top of page

Week Thirteen: More Favorites

3/24

Butch Cassidy and The Sundance Kid, dir. George Roy Hill (1969) ★★★★★
Actor Paul Newman working the camera behind the scenes.

As readers of this blog can probably tell, I like westerns more than the average film lover. I have always felt like it was a genre that was pushed to the side when discussing the wide world of film. Once upon a time I was one of those people that pushed it to the side. It was almost a joke when I started watching cowboy movies.


Before I made it to possibly one of his most famous films, I watched Robert Redford’s 1970 film Little Fauss and Big Halsy. After loving his performance and general vibe in that one I began to search out his other films and finally came to watch this one. Ever since then it has been one of my go to “favorite movie” answers.






3/25

The Sting, dir. George Roy Hill (1973) ★★★★★
The hand drawn title sequence sets the stage for the upcoming mischief

Following my viewing of Butch Cassidy I did the only logical thing: watched The Sting. Not only did this film win best picture at the Oscars but also best director, and original screenplay among other smaller awards. It truly stands out among the growing New Hollywood movement of the time as one of the more family friendly pictures. That being said, it is feverishly confusing the first time or two that you watch it.


3/26

The Warriors, dir. Walter Hill (1979) ★★★★★
Blink and you'll miss the opening credit dedication to the original author Sol Yurick.

In my efforts to watch “weird movies” back in high school I would often ask for recommendations from family, friends, and most importantly my local librarians. While raiding Skokie Public Library’s neverending shelves of interesting movies I was recommended a wild double-feature. While skeptical at first, I took Michael Beck’s most famous movies home with me and popped them into my dvd player.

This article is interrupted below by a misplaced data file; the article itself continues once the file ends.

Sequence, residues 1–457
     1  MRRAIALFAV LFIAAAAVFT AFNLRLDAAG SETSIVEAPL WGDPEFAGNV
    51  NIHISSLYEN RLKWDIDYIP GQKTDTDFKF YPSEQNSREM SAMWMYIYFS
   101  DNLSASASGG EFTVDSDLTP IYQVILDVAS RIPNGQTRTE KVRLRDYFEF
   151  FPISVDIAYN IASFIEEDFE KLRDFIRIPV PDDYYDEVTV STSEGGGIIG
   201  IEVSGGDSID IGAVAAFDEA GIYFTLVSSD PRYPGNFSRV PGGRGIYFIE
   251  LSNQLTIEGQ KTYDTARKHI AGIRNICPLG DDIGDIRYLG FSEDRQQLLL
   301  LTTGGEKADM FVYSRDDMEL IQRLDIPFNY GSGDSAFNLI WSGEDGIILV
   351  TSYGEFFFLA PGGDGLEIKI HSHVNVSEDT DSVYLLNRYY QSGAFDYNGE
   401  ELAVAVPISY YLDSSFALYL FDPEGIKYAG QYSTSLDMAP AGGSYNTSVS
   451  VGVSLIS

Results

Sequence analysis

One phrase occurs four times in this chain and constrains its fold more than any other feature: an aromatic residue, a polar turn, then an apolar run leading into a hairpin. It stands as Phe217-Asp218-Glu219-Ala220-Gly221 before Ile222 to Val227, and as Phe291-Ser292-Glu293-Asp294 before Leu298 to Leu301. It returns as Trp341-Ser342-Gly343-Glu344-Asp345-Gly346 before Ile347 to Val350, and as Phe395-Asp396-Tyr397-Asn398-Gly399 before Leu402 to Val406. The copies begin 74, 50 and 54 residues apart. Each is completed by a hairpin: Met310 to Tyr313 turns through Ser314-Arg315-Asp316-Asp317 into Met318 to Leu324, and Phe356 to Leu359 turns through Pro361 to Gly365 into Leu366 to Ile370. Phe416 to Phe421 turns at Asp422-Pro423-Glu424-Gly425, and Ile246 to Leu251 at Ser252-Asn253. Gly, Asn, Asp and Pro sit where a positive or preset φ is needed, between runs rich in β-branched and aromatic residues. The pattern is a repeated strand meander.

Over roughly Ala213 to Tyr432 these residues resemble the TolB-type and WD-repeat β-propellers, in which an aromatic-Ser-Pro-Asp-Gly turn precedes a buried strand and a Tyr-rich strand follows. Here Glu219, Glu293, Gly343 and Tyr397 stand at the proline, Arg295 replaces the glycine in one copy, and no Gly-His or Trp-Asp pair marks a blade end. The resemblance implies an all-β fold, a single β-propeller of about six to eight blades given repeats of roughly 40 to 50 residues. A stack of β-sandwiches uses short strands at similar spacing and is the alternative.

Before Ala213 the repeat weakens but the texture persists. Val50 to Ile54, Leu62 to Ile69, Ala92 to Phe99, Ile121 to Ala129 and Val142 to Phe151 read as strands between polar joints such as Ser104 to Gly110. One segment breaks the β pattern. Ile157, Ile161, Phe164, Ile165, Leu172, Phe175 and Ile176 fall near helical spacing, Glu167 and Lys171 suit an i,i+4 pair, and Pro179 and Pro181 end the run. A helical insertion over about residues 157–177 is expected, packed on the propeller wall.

The first film was The Warriors and followed a New York gang as they fought their way back to their home turf of Coney Island. What movie did I watch after? Xanadu.








3/27

Withnail & I, dir. Bruce Robinson (1987) ★★★★★
Richard E Grant plays Withnail and commands attention in every scene

I originally watched this one for the first time in high school too. That was really the time when I discovered the things I liked and besides using “top ten strange movie” lists, I bounced around in the filmography of actors I enjoyed. One actor that I loved was Paul McGann and watching his most mainstream film was a must. Although I loved him mostly when he played the 8th incarnation of The Doctor in Doctor Who, this movie also quickly made its way up in my favorites list and introduced me to Richard E Grant.



3/28

Wings of Desire, dir. Wim Wenders (1987) ★★★★★
Wings of Desire lives up to its reputation of being stunning

Those strange movie lists quickly evolved into “top stunning” or “gorgeous” film lists and this one usually makes the top ten on those endless articles. I wasn’t disappointed and after grabbing a Criterion Collection edition of this film it proved my love for it even more. Not only am I able to enjoy the content of the original film more with the restoration but I can also view special features and read through the booklet and essay that the release came with. It was one of the first truly collector edition DVDs that I got and it sparked a love for reaching beyond digital releases.


3/29

Mikey and Nicky, dir. Elaine May (1976) ★★★★★
Director Elaine May (left) and Peter Falk (right) make use of the empty city streets as much as possible

Speaking of bouncing around filmographies, not only did Wings of Desire lead me to the iconic series Columbo but also Elaine May’s Mikey and Nicky which also stars Peter Falk. He was very much playing against his stereotypical roles in this film which featured him collaborating with longtime friend John Cassavetes. The story of friendship, betrayal, and hardships is highlighted even more when this male friendship is shown through the lens of a female director.


3/30

The Boys in The Band, dir. William Friedkin (1970) ★★★★★
Before shooting the film, all the actors performed it as a stage play instead

I ended the week with one last favorite five star film. The Boys In The Band is both important to me and the history of queer representation on screen. While articles and essays have been published talking about gay relationships in multiple of the movies I rewatched this week, this one is explicitly queer. What’s even more amazing about this film is the use of a full queer cast; that's a claim that not many gay stories in modern film can even meet.


30 views0 comments

Recent Posts

See All

Comments


bottom of page